A Willingness to Act

I was recently inspired by Al Gore’s newest TED talk, “The Case for Optimism on Climate Change.”

An individual act or even a community’s endeavor to create change can seem daunting or even pointless when the issue seems larger than the effort of a single act.

It is no secret that Indonesia has a lot of trash laying around. Some say its a lack of education and others say it is a lazy habit to throw garbage anywhere and everywhere.

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Recently a nearby grocery store implemented what Robert Bjork coined a “desirable difficulty.” They started charging a small amount for each plastic grocery bag.

According to Bjork’s concept, the implementation of charging for bags will have a desirable long-term outcome, preserving and creating a pleasing environment. The difficulty is that it presents a challenge for the consumer as an inconvenience. This “turning of the hand” will force the customer to either buy a bag or juggle their purchased goods out the door, at least, the first time. Future visits can merit a bag from home.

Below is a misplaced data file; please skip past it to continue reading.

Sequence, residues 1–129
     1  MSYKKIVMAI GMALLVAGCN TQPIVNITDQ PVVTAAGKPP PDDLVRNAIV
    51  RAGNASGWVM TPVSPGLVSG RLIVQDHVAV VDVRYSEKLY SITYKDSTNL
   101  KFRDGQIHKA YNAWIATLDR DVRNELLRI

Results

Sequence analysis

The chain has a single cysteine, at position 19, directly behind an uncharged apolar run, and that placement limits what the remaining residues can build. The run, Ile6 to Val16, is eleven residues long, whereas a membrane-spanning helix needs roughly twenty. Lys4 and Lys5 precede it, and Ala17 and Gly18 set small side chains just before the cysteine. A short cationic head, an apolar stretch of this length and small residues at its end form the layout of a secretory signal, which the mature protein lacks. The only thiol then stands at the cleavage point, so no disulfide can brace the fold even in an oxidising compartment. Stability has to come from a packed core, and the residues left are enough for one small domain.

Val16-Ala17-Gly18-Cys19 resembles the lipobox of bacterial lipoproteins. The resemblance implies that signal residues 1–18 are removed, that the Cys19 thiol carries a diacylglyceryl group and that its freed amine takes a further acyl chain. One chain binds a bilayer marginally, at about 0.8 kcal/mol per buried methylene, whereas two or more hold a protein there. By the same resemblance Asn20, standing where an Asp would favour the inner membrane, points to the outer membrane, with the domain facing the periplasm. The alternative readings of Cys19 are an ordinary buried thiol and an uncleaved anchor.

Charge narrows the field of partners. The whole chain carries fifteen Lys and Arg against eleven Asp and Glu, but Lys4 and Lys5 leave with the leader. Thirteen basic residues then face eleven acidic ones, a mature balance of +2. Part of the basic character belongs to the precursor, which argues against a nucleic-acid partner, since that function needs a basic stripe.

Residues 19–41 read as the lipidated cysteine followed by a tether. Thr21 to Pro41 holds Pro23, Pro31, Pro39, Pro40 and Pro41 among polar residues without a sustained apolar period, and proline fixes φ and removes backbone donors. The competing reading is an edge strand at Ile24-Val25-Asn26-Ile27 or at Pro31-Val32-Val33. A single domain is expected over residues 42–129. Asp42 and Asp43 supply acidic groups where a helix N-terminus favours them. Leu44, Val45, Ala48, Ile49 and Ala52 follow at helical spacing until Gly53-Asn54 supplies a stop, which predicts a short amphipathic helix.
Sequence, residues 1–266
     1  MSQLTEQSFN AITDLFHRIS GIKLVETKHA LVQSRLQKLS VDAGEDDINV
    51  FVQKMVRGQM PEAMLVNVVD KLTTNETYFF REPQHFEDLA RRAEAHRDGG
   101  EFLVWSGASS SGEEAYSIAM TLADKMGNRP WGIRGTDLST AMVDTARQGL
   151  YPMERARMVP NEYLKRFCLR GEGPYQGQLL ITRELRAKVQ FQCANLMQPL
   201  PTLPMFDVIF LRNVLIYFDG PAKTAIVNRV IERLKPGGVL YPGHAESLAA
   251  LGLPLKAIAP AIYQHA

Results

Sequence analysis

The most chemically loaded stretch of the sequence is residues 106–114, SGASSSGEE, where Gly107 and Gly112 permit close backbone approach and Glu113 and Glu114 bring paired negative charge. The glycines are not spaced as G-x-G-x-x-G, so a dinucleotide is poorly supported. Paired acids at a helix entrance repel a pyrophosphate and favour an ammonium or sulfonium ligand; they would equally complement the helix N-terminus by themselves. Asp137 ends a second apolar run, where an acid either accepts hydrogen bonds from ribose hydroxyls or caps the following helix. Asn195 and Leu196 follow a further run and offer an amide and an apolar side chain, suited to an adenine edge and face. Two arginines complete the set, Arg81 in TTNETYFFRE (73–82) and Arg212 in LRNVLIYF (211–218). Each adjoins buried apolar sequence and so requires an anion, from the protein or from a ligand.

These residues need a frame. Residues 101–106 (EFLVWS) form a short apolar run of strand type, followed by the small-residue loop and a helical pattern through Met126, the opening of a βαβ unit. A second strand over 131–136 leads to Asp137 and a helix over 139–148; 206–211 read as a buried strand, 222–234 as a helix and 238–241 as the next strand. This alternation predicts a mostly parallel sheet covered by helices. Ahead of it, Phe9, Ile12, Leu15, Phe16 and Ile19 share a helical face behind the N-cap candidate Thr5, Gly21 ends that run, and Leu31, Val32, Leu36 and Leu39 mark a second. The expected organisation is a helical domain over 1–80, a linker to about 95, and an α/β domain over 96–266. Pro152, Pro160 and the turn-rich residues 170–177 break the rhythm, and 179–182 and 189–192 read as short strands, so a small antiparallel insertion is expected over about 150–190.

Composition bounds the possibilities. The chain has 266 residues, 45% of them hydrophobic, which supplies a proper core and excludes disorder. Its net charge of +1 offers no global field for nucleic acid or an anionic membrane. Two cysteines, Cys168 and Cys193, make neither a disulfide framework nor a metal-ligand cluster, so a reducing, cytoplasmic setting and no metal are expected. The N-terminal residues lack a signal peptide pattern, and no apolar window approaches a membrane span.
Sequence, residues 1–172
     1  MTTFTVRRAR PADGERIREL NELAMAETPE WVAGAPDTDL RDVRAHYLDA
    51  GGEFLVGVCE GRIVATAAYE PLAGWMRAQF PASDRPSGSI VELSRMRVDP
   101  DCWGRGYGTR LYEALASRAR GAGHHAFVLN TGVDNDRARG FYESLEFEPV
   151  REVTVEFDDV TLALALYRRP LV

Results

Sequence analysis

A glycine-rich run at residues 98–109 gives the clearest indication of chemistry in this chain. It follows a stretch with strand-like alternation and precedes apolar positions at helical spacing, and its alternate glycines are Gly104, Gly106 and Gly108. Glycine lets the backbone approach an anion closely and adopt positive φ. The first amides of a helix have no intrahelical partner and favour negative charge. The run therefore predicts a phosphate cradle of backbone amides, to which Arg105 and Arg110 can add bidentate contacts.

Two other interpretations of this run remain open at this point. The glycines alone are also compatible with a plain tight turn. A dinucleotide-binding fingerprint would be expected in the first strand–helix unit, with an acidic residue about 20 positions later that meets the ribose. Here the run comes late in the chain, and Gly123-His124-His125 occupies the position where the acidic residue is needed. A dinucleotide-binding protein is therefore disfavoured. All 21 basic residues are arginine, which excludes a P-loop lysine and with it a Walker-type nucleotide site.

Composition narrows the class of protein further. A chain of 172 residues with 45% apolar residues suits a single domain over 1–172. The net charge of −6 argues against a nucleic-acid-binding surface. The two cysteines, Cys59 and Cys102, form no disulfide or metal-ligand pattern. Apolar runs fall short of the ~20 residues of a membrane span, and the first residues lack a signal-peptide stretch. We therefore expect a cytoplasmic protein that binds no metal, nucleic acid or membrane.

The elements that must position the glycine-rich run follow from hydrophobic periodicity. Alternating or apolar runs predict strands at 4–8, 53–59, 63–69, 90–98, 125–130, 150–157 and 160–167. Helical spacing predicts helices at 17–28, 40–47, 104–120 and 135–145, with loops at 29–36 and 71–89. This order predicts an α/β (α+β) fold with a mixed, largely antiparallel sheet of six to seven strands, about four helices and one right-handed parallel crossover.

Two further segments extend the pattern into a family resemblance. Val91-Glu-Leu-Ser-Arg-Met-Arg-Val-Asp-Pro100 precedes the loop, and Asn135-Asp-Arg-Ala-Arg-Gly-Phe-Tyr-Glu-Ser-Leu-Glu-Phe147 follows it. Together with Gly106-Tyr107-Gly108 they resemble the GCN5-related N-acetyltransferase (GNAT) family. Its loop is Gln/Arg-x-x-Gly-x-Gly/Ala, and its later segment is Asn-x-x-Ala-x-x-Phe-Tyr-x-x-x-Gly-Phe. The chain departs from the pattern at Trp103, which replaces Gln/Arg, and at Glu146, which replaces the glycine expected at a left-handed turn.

Charging for a plastic bag may seem like an insignificant act but its a step. The little grocery store made a statement that has stimulated awareness by its willingness to act.

Al Gore would call this “willingness to act, renewable energy.”

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